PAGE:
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In this post, I'm going to demonstrate an alternative to Kleene's O that might be easier to understand. It assumes some familiarity with programming.

Kleene's JavaScript is a textual notation for notating any recursive ordinal, defined like so:

  • "0" is a Kleene's JavaScript program. It evaluates to the ordinal 0.
  • Let P be a Kleene's JavaScript program that evaluates to ordinal a. Then if you append "+1" to P, the result is a Kleene's JavaScript program that evaluates to the ordinal a + 1.
  • Let F be JavaScript code that consists of anonymous function f:
    • f takes a single nonnegative integer as an argument. (This is a theoretical variant of JS where integers can be infinitely large.)
    • f is deterministic.
    • f returns a string for every valid argument. That string must always be a valid Kleene's JavaScript program.
    • For all nonnegative n, the value of the Kleene's JavaScript program f(n) must be less than the value of f(n + 1).
    • Then the program "sup(F)" evaluates to the supremum of all f(n).

As always, examples help!

   0
   0+1
   0+1+1
   0+1+1+1

The finite ordinals have the simplest possible programs. I'm sure you can guess what ordinals they evaluate to!

   sup(function (n) {
       var result = "0";
       for (var i = 0; i < n; i++) {
           result += "+1";
       }
       return result;
   })

Here's the first nontrivial one. Notice what the anonymous function does -- for each n, it constructs "0+1+1...+1+1" where there are n copies of "+1". Its outputs for n = 0, 1, 2, 3, ... are 0, 0+1, 0+1+1, 0+1+1+1, ..., which have a supremum of \(\omega\). Therefore, the above program evalutes to \(\omega\). You can think of sup as a magic function that evaluates our anonymous function for infinitely many values and figures out their supremum.

   sup(function (n) {
       var result = "0";
       for (var i = 0; i < n + 1; i++) {
           result += "+1";
       }
       return result;
   })

Look carefully at the condition in the for loop -- this time the function outputs n + 1 copies of "+1". So its outputs are 0+1, 0+1+1, 0+1+1+1, ... which still have a supremum of \(\omega\). So we have constructed two programs that evaluate to \(\omega\), showing that Kleene's JavaScript programs are not unique representations of ordinals.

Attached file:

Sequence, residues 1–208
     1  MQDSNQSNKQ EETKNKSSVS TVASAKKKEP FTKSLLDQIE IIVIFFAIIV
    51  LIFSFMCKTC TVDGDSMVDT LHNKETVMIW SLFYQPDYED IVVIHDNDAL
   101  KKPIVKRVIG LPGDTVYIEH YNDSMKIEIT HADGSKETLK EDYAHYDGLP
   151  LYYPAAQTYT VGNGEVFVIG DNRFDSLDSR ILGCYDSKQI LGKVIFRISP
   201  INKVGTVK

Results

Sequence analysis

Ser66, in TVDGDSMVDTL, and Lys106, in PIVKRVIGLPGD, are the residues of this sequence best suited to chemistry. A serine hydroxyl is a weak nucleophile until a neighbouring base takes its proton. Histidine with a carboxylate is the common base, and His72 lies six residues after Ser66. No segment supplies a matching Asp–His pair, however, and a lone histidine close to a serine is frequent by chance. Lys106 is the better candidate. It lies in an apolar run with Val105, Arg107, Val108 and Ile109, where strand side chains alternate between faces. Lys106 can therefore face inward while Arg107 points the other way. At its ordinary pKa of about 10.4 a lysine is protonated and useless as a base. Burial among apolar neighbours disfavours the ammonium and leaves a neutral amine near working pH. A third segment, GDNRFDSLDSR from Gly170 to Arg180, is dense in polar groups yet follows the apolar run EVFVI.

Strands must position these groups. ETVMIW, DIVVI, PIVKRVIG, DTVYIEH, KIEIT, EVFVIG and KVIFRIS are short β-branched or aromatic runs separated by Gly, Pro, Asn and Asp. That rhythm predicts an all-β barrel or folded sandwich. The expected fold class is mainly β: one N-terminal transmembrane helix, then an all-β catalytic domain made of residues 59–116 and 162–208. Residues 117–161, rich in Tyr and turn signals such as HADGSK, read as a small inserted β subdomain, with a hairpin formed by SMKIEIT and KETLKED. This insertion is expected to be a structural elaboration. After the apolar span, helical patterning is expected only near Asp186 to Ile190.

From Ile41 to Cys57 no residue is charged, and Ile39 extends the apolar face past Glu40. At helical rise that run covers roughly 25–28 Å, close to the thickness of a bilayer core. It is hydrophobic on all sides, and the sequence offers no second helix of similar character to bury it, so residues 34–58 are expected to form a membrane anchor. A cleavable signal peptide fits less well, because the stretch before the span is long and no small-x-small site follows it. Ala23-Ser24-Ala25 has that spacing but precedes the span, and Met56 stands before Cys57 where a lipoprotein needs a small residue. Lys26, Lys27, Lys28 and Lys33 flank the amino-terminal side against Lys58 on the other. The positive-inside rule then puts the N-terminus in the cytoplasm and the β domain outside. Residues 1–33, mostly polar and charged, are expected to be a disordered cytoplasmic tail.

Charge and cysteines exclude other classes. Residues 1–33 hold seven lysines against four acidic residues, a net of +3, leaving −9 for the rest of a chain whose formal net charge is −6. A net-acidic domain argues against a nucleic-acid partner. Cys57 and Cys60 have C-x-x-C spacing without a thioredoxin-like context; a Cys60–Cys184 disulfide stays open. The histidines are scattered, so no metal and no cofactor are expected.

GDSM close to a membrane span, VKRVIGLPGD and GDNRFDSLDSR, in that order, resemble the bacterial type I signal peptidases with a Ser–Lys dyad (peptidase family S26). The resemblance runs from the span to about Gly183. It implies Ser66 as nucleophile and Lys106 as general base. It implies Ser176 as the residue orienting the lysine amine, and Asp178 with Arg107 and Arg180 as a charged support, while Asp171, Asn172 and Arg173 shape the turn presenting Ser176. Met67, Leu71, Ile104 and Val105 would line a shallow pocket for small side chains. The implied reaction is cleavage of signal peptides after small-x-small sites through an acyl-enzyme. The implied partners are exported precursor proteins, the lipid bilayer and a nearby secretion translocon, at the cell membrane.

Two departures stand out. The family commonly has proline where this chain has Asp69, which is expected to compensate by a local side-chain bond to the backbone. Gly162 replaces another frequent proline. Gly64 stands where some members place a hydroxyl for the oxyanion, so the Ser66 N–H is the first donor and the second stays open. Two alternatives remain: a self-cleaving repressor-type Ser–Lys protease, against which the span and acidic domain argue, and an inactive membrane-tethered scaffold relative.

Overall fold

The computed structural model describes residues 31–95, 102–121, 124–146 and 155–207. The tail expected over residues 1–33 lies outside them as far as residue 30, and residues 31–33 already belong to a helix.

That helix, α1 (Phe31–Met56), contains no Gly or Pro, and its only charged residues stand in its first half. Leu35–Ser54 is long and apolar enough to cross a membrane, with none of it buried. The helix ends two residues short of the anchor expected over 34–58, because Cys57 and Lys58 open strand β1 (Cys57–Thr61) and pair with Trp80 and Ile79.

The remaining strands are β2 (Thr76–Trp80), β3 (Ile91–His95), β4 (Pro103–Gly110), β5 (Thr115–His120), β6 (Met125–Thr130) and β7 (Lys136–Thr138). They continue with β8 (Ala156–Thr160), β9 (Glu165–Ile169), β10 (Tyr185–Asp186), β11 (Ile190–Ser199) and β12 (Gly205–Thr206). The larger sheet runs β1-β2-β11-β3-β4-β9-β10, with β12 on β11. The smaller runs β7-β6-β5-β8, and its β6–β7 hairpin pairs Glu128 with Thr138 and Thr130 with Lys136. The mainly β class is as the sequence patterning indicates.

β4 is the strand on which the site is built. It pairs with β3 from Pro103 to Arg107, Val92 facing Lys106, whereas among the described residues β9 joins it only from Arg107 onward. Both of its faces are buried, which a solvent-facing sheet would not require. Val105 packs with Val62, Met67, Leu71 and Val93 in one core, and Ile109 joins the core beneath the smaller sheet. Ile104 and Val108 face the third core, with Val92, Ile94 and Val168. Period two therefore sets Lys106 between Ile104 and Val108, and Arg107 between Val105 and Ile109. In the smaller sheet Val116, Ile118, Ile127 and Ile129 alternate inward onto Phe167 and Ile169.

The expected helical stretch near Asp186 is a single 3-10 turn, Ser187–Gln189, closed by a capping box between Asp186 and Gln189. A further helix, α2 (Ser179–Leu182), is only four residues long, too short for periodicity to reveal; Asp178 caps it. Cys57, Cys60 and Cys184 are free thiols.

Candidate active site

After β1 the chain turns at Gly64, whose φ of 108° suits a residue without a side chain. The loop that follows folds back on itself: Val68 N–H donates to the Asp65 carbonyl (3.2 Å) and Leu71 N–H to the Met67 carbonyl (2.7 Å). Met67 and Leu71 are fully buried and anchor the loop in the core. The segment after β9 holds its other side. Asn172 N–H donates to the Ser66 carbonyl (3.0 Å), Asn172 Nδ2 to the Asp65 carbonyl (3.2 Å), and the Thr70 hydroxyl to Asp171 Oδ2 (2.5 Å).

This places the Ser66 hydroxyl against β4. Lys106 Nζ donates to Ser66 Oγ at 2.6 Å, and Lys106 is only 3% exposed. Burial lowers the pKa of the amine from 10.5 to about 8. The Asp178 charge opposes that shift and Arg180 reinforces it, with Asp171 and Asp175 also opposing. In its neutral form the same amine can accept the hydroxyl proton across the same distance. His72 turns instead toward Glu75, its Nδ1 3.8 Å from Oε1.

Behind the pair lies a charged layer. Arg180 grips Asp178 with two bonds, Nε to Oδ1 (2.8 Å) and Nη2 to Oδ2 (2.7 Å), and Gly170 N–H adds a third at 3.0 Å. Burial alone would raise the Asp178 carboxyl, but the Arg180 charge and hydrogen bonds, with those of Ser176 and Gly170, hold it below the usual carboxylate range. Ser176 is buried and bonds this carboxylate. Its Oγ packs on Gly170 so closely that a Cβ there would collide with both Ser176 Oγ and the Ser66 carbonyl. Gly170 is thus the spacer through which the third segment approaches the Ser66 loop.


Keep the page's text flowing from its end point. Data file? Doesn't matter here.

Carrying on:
sup(function(n){var r="0";for(var i=0;i<n;i++){r+="+1";}return r;})+1

This is \(\omega + 1\). I think it's pretty obvious why!

   sup(function (n) {
       var result = "sup(function(n){var r=\"0\";for(var i=0;i<n;i++){r+=\"+1\";}return r;})";
       for (var i = 0; i < n; i++) {
           result += "+1";
       }
       return result;
   })

Now this is where it gets interesting -- we're starting to put nontrivial Kleene's JavaScript programs into other ones. This one takes our \(\omega\) program and adds increasing copies of "+1". The result is \(\omega \cdot 2\).

   sup(function (n) {var r="sup(function(n){var r=\"0\";for(var i=0;i<n;i++){r+=\"+1\";}return r;})";for(var i=0;i<n;i++){r+="+1";}return r;})

Compressed variant of the above. I think you can see where this is going.

   sup(function (n) {
       var result = "sup(function (n) {var r=\"sup(function(n){var r=\\\"0\\\";for(var i=0;i<n;i++){r+=\\\"+1\\\";}return r;})\";for(var i=0;i<n;i++){r+=\"+1\";}return r;})";
       for (var i = 0; i < n; i++) {
           result += "+1";
       }
       return result;
   })

I sure hope I got all those backslashes right. This is, of course, \(\omega \cdot 3\).

   sup(function (n) {
       function add_omega(program) {
           return "sup(function(n){var r=" + JSON.stringify(program) + ";for(var i=0;i<n;i++){r+=\"+1\";}return r;})";
       }
       var result = "0";
       for (var i = 0; i < n; i++) {
           result = add_omega(result);
       }
       return result;
   })

And we're finally at \(\omega^2\)! To construct it, we have to start with 0 and create nesting programs where each one adds \(\omega\). (JSON.stringify is a JavaScript built-in function. In this case I used it to escape quotes and backslashes.)

Testing out code

Here's a very crude method to test out whether your program works. In a JavaScript interpreter, run this:

   function sup(func) { for (var i = 0; i < 4; i++) { console.log("n = " + i + ": " + func(i)); } }

and then run an example using sup(). It will give you samples of the outputs for n = 0, 1, 2, 3.

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